Designing Women

On Wednesday, Jan had the privilege of leading a Design Thinking seminar for 16 Ghanaian women entrepreneurs who are part of the local AWEP chapter. AWEP (African Women’s Entrepreneurs Program) is sponsored by the US Department of State and promotes small women-owned businesses.  Jan was invited to lead this seminar by her contact at the State Department, Janie James-High (also shown above). These ladies run businesses ranging from Shea Butter Cosmetics to Mushroom Farming to Clothing Design. The leader of the Accra chapter, Comfort, was sent to the US last year to meet Hillary Clinton and participate in a mentorship program. She received a “shout out” in a video on the Dept. of State site.

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The Design Thinking Seminar is all about listening to the customer and designing products that meet her specific needs. This was the same seminar that was taught by Jim Patell and his associates from the Stanford Design School during the immersion week for the cohort companies. In this particular session, Jan guided the women in a step-by-step process of interviewing their customer--the woman sitting next to them--about her needs for a wallet.

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They asked each other questions like, “What does your wallet mean to you?  Are you worried about losing it? What do you put in it?”, to go beyond functional requirements to uncover deep insights.

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The group was very animated discussing their purses and wallets.

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After listening to their “user”, each woman was asked to come up with three distinct ideas that might meet their partner’s needs.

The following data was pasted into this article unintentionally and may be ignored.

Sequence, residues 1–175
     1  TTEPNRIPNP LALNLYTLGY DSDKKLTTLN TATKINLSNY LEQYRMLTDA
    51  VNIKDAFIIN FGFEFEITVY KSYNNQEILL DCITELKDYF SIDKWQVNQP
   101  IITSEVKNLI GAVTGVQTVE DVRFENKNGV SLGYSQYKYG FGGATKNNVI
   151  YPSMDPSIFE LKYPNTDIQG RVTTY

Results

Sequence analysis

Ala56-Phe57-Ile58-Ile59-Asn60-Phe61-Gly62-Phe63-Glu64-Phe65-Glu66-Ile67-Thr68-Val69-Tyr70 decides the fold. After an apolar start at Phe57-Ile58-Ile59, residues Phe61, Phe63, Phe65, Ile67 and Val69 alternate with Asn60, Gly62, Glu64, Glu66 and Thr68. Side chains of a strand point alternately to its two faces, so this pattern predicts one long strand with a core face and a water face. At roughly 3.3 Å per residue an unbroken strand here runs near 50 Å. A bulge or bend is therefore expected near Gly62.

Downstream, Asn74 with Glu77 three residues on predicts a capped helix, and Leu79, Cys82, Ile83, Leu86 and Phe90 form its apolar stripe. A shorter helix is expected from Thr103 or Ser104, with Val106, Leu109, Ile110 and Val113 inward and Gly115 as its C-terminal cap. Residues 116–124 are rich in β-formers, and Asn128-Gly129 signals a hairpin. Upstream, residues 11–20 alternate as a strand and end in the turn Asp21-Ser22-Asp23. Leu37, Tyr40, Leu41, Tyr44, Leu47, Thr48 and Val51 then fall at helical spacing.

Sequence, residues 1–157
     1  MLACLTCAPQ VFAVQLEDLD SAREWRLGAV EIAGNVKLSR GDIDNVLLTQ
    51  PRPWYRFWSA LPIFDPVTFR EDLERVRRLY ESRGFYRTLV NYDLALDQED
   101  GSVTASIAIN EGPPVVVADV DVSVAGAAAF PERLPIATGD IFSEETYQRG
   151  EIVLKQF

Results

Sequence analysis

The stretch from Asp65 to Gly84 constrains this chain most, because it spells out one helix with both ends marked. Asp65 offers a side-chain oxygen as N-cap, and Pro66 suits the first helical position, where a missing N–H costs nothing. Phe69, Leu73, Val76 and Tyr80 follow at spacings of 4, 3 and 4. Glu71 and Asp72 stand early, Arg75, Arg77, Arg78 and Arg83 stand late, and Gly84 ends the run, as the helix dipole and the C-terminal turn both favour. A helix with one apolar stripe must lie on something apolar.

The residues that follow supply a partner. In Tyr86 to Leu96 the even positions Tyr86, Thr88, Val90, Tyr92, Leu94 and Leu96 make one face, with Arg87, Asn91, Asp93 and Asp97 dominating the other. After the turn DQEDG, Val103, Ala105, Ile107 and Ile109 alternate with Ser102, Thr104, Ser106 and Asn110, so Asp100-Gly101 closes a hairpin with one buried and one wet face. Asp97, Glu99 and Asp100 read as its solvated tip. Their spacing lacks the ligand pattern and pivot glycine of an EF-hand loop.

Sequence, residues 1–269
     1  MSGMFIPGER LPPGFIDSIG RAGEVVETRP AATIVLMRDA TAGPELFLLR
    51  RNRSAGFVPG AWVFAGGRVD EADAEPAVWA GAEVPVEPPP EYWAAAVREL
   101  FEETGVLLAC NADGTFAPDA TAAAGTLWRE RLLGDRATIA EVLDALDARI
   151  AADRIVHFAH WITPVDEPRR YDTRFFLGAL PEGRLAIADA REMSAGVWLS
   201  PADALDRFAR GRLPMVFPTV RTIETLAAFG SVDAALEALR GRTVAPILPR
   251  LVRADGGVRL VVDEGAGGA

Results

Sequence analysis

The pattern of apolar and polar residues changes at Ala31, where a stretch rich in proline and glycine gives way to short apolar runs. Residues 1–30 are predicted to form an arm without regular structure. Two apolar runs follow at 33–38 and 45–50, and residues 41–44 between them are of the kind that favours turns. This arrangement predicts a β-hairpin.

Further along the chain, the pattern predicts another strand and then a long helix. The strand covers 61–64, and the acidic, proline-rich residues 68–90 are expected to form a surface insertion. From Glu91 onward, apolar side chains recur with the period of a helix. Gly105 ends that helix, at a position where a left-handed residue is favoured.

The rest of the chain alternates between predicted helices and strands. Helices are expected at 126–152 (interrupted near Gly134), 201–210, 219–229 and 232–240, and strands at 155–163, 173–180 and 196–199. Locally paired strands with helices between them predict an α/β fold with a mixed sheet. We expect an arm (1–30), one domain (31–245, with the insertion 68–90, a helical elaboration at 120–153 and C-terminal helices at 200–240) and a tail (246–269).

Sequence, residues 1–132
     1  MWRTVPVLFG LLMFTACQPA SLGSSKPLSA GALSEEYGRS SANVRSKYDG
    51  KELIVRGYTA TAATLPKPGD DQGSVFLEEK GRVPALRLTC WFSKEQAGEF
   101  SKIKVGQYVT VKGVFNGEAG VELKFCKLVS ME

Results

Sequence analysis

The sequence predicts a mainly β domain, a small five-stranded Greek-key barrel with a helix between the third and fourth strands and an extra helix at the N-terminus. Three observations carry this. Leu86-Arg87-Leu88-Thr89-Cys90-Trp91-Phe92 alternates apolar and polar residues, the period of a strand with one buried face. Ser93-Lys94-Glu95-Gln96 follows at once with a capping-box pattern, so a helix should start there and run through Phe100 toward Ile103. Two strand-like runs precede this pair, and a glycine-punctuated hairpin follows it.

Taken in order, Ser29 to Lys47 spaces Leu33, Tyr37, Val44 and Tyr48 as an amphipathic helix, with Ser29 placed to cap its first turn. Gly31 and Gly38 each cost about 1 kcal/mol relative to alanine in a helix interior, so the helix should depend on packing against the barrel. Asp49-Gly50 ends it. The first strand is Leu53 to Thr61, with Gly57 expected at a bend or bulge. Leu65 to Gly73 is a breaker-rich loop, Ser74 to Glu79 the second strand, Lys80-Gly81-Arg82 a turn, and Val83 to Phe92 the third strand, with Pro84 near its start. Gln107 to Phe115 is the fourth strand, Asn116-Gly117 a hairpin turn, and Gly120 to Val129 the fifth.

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They discussed the various ideas, and got feedback.  Then they were given 12 (!) minutes to make a prototype of the wallet (again, as a tool to get more feedback  from their customer.) The resulting prototypes were amazing!

Debbie wanted a purse that matched her outfit – and she got one!

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Delali wanted a wallet that was simple and easy to open. Voila!

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Comfort wanted a cup holder integrated into her purse so she could drink water or coffee on the go!

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The ideas went on and on.  There was no shortage of ideas in this group!  Instead, they were very proud of their designs and looked forward to taking this Design Thinking process home with them to implement in their own businesses. Hopefully this will give them new insight into understanding the needs of their customers and designing products to meet these needs.

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